Aminatta Forna was born in Glasgow, raised in Sierra Leone and Britain and also spent periods of her childhood in Iran, Thailand and Zambia. She is the award-winning author of two novels: “The Memory of Love” and “Ancestor Stones”, and a memoir about her Sierra Leone father, “The Devil that Danced on the Water” (see: http://www.aminattaforna.com/content.php?page=about&f=2 ). .
In Aminatta Forna’s novel set in war-devastated Sierra Leone, “The Memory of Love”, there is a discussion about how people hide or re-invent their past after Dr Adrian: Lockheart comments on the courage of the survivors of the civil war and his lover Mamakay passionately replies in the negative: “Courage is not what it took to survive. Quite the opposite! You had to be a coward to survive. To make sure you never raised your head above the parapet, never questioned, never said anything that might get you into trouble … Who was it who said “History will be kind to me, for I intend to write it?” [Winston Churchill] … He’s [Elias] using you to write his own version of history, don’t you see? And it’s happening all over the country. People are blotting out what happened, fiddling with the truth, creating their own version of events to fill in the blanks... A version of the truth that puts them in a good light, that wipes out whatever they did or failed to do and makes certain none of them will be blamed … And they’re all doing it. Whatever you say, you will go away from here, and you will publish your papers and give talks, and every time you do you will make their version of events the more real, until it becomes indelible”… And in Mamakay’s words Adrian hears the echo of his own thoughts of earlier in the day, only differently stated. The silent lie.”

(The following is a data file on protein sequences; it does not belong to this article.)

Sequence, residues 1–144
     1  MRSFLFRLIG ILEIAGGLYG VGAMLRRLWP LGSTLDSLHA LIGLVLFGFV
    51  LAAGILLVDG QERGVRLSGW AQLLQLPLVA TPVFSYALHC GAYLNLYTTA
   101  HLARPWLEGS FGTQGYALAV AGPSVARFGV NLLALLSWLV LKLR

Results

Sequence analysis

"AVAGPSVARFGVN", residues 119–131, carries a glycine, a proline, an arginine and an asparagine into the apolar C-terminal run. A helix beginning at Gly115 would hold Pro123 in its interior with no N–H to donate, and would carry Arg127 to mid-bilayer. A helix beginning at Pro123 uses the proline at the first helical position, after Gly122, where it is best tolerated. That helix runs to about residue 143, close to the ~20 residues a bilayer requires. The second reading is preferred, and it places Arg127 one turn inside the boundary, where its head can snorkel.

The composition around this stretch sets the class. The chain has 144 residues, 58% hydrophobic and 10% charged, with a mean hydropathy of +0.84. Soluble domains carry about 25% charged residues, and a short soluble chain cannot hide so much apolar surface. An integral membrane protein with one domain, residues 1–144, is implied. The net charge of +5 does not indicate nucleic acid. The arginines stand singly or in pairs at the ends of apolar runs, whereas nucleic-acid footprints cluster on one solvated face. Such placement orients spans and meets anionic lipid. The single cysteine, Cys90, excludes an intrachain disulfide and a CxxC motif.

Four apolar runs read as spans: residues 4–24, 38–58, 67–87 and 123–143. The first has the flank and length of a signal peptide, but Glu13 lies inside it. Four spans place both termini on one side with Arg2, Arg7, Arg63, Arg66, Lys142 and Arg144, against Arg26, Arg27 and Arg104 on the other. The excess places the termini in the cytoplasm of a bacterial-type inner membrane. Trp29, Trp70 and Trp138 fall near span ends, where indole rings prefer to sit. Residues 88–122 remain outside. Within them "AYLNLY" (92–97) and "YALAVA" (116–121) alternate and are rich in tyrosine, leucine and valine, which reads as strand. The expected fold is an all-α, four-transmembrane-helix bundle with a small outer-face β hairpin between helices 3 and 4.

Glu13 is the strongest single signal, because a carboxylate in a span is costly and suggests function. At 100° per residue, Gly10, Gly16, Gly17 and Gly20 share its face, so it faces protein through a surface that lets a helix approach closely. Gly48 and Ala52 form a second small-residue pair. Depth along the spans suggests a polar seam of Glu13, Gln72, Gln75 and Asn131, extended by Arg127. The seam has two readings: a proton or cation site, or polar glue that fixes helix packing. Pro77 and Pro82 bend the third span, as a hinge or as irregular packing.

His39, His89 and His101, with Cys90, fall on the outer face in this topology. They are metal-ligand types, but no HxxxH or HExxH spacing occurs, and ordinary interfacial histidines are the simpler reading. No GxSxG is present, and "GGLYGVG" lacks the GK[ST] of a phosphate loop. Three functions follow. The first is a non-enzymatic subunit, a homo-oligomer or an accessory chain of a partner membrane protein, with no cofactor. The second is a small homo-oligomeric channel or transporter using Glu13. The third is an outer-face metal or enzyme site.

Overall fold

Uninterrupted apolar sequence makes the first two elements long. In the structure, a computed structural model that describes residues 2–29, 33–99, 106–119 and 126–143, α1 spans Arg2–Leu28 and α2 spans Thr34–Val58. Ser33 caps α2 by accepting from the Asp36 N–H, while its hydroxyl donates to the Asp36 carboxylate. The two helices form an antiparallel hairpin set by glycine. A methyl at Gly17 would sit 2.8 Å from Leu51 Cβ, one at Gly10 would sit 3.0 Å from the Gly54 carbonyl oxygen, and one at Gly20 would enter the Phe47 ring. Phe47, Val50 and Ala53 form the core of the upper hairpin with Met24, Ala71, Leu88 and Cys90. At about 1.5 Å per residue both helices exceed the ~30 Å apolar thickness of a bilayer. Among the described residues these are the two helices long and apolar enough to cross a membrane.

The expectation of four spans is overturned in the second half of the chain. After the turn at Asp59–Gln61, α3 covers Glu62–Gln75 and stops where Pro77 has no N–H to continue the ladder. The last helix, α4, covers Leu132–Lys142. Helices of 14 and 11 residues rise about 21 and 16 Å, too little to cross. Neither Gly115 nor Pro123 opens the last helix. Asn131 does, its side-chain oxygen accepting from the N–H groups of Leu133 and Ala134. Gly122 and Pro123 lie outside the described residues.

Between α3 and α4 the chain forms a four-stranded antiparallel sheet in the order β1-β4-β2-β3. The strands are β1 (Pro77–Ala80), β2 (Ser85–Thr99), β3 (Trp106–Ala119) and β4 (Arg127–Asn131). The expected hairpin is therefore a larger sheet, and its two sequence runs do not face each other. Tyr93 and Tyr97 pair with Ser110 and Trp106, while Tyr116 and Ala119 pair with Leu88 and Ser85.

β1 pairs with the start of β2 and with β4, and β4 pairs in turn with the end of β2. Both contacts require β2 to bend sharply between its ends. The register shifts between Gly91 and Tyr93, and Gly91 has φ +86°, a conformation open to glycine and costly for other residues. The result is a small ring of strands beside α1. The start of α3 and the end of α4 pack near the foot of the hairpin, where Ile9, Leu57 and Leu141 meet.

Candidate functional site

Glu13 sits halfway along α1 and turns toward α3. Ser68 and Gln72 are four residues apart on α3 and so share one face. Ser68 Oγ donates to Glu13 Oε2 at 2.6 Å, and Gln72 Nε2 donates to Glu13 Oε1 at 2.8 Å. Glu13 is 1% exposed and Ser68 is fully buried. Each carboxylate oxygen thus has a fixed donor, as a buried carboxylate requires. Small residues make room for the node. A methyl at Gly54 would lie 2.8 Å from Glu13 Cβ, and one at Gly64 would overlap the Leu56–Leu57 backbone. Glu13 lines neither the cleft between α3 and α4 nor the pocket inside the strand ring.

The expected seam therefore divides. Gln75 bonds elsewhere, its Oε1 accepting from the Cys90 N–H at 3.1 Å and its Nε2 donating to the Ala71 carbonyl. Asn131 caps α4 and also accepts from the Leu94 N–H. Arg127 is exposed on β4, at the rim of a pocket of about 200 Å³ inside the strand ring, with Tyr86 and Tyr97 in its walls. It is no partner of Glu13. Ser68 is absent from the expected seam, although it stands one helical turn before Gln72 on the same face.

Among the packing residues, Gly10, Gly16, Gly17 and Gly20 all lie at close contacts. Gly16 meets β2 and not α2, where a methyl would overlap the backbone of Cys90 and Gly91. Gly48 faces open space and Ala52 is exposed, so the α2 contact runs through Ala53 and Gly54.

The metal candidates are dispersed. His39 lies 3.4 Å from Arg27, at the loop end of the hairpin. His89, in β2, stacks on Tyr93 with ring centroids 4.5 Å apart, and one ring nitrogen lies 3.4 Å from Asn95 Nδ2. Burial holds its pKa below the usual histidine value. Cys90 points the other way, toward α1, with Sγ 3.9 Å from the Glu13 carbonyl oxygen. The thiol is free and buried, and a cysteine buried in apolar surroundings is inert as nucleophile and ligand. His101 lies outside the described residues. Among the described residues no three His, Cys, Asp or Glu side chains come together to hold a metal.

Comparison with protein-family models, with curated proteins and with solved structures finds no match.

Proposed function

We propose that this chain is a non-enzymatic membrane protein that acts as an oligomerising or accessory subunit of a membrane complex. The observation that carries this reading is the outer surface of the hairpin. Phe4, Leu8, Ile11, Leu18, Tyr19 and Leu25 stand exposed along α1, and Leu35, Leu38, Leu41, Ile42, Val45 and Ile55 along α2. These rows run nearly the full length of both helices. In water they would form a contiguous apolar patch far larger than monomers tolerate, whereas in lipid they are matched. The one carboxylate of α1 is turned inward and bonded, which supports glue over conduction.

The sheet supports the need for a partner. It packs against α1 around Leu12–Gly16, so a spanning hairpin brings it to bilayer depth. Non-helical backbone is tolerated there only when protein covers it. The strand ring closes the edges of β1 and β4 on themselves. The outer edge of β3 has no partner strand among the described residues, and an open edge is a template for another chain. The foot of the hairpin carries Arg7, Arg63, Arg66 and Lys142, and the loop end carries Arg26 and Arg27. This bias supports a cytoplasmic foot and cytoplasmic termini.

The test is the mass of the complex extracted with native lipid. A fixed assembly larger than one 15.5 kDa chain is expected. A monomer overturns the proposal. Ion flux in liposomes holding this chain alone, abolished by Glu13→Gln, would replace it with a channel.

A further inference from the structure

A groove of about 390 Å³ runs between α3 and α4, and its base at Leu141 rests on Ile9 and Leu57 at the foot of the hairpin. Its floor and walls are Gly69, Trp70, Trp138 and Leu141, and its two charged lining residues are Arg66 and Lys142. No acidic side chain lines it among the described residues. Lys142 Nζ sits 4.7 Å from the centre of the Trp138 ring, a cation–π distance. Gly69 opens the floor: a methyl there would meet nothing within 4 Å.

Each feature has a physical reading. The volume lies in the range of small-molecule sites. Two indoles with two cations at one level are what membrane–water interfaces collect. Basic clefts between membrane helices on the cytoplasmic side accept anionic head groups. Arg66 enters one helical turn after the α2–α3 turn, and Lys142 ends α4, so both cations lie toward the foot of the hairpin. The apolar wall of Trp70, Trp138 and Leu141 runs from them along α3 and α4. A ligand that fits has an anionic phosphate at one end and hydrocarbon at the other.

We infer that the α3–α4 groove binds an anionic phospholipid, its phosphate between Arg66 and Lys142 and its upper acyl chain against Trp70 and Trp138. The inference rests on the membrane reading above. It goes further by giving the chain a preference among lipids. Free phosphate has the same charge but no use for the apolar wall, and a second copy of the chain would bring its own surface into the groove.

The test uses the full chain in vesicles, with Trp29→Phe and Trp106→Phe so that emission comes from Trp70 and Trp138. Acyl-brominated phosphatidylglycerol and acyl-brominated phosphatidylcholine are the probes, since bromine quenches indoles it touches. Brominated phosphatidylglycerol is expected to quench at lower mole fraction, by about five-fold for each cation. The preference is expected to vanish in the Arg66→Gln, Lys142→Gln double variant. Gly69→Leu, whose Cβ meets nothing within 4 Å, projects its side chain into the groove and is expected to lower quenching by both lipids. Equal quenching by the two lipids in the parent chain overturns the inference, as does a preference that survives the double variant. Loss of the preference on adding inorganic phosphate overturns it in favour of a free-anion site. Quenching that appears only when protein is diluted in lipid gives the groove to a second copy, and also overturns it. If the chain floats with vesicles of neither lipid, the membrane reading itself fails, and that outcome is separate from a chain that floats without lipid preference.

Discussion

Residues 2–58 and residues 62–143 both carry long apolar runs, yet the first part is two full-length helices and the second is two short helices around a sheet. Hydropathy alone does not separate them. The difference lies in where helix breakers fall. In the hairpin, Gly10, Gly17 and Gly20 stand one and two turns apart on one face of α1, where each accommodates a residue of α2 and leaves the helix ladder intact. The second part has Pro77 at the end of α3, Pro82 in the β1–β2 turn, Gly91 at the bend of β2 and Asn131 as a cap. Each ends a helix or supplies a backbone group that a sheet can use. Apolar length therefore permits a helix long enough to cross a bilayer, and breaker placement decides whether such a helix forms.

. Aminatta Forna, “The Memory of Love” (Bloomsbury, London, 2010), p351.